Huawei has formally announced the introduction of its new Harmony Operating System. This comes after the company was banned from offering google’s apps and services on its phones owing to the raging trade war between China and America. Known as Hongmen in mainland China, the Microkernel-based OS can be used by across a wide range of devices; from smartphones, wearables, in-vehicle systems and many others. The system is set to be rolled out as soon as 2021 and will come pre-installed on all Huawei devices.
A huge gamble
Plans to launch the new operating system were announced at Huawei’s annual developer conference in Dongguan. The system is set to launch in 2021 but it’s beta version is set to go open source later this year. However, Harmony’s success rests on how fast it will attract developers to make apps for it.
It is without doubt that Huawei is taking a huge gamble with this move. Although it is the world second biggest grossing smartphone maker, it comes nowhere near in making Operating Systems. Android OS accounted for about 85% of all the smartphones shipped in 2019, while the remaining 14% was taken up by Apple’s iOS. Many experts argue that it is highly unlikely for Harmony OS to make it to the mainstream smartphone market. So far several companies have tried and failed terribly; with the latest casualty being Microsoft’s Windows OS. However, Huawei seems to be more determined than ever to end Android and iOS dominance.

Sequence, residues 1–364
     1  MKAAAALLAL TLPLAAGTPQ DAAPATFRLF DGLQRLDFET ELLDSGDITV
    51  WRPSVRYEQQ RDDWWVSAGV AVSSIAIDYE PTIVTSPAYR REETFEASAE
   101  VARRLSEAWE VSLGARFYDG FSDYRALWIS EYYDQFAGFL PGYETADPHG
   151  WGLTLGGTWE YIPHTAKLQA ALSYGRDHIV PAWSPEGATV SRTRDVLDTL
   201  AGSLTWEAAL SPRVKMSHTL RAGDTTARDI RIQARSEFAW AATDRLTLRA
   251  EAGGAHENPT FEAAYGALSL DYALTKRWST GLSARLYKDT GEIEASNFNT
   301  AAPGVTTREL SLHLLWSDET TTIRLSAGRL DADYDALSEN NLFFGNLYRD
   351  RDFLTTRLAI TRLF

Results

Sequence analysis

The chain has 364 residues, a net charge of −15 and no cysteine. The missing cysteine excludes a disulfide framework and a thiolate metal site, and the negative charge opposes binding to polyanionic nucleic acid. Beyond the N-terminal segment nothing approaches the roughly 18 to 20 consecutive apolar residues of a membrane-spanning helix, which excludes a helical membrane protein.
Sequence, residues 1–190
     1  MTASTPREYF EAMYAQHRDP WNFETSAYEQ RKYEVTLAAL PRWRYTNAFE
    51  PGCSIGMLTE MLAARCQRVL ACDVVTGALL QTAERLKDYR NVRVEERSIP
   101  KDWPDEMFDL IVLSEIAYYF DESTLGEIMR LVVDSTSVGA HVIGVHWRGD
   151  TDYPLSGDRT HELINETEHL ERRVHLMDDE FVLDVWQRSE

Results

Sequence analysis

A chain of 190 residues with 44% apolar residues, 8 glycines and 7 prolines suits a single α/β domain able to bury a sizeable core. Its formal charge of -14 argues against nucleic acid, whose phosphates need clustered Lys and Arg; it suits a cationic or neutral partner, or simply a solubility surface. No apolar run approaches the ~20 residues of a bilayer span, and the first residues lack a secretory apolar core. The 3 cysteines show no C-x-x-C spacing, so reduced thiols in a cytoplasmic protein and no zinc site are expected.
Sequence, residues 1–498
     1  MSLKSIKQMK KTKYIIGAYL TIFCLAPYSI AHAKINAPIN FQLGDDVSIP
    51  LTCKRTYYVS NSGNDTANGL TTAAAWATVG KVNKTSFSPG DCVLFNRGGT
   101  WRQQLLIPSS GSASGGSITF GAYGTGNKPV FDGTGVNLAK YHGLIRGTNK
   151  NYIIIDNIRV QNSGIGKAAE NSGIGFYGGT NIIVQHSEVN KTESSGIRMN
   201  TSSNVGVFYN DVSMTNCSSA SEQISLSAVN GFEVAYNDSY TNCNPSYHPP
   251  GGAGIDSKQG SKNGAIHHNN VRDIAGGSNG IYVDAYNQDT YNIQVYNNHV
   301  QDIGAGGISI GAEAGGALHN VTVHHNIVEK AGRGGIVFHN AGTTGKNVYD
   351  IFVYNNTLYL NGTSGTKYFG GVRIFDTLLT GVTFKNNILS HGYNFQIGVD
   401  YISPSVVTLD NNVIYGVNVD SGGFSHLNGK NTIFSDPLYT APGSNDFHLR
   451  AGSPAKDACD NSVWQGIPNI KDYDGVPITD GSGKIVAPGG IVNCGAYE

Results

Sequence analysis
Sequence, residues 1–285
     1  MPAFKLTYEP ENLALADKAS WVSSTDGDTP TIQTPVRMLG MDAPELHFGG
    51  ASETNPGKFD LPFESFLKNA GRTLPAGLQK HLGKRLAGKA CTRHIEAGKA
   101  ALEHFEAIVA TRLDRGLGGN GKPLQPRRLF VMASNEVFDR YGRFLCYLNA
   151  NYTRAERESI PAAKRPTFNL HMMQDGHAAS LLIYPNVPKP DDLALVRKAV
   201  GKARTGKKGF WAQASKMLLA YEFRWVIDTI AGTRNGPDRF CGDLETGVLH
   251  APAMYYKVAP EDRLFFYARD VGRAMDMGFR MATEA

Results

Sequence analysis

Huawei’s “mighty” hand
It would be rather naive to underestimate the might that is Huawei. The company has huge technical and engineering capabilities and is backed by a domestic market of over 2 billion. Furthermore, Harmony OS is fully backed by Beijing. This means that Huawei can use this as leverage to convince companies offering services in China to develop their apps for Harmony OS. However, Huawei’s global ambitions will have to wait a little longer. It is going to be difficult to convince the masses outside china to accept and familiarise themselves with the new operating system.
A complicated outlook
Huawei is probably the biggest victim of the US-china trade war. Many of its suppliers with links to the US are under pressure to cut ties with the company. Starting from September 15, the company will be unable to purchase more of its Kirin processors owing to US restrictions. Samsung and LG have also reported a possibility of discontinuing their sales of OLED displays to the company. American restrictions are biting hard on Huawei, and it will have to think long and hard to develop a counter-strategy. Right now though, all eyes are set on it’s new OS as it takes on two of the smartphone Industry hegemons; Google and Apple. It is definitely going to be interesting to watch this event play out.